One of the first things I learned as a new vegan is that the preferred term for a household pet is “companion animal” rather than “pet”. The reason being is that the word “pet” implies ownership and ownership implies three things: possession, hierarchy and property, with property being an inanimate object; a thing.
What I also recently learned is that animal cruelty laws under the Criminal Code of Canada are currently listed under “Willful and Forbidden Acts in Respect to Certain Property”. This means that animals, from household pets to livestock, are considered property under federal law. Kind of speaks volumes to the level of importance we have animals on, doesn’t it?
The people in Alberta are looking to change that. Last month, on Sunday April 27, a rally took place outside the Legislature building to bring attention to the proposed federal Bill C-232 which seeks to remove animal cruelty laws from the property section of the Criminal Code. This would allow for tougher sentencing to those “owners” who abuse animals. According to the Alberta Society for the Prevention of Cruelty to Animals, not much in regards to animal cruelty laws have been updated since the Criminal Code was first written in 1892.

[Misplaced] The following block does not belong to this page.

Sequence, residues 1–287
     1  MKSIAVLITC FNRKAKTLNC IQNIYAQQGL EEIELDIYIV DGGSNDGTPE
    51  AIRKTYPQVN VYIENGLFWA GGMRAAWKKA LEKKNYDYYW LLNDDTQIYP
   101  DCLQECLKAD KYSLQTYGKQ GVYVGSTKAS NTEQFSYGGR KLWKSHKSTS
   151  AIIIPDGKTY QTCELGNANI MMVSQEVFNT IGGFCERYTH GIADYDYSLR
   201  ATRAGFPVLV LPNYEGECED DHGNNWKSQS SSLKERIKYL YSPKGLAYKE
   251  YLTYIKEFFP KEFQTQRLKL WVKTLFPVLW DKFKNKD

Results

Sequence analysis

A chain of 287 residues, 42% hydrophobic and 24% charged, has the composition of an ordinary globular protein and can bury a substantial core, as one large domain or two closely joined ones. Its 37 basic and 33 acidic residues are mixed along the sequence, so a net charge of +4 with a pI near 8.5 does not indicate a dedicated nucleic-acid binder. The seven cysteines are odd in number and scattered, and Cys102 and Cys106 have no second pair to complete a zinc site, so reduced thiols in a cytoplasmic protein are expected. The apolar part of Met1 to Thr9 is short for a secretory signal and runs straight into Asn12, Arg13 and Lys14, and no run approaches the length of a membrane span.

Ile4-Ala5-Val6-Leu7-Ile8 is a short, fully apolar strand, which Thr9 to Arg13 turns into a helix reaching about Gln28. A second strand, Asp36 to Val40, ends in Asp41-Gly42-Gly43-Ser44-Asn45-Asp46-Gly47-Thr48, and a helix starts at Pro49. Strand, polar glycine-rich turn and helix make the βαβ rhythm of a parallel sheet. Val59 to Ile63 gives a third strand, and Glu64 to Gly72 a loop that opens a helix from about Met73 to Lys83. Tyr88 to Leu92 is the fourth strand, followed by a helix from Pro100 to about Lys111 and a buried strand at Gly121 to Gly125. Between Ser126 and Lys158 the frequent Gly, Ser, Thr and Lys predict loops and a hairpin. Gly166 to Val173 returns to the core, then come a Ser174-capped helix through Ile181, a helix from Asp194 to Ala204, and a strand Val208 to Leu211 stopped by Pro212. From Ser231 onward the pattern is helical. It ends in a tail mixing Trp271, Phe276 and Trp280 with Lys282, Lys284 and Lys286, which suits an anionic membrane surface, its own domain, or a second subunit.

I know there are many people with household animals who see their pets as companions and equals, not beneath them in any way. I think the effort to try to change how companion animals are referred to is not just about the words themselves but to challenge the many of us who have been raised with the view that a pet is something to own (which is certainly evident in the Criminal Code). Even though I wish “companion animal” rolled off the tongue a little easier, I do see the difference in how that phrase suggests a different relationship versus “owning a pet”. It can mean the difference between someone being under your care and something being under your control – two very different attitudes and approaches in how we relate to animals.
To read more about Bill C-232 or to sign the petition, click here.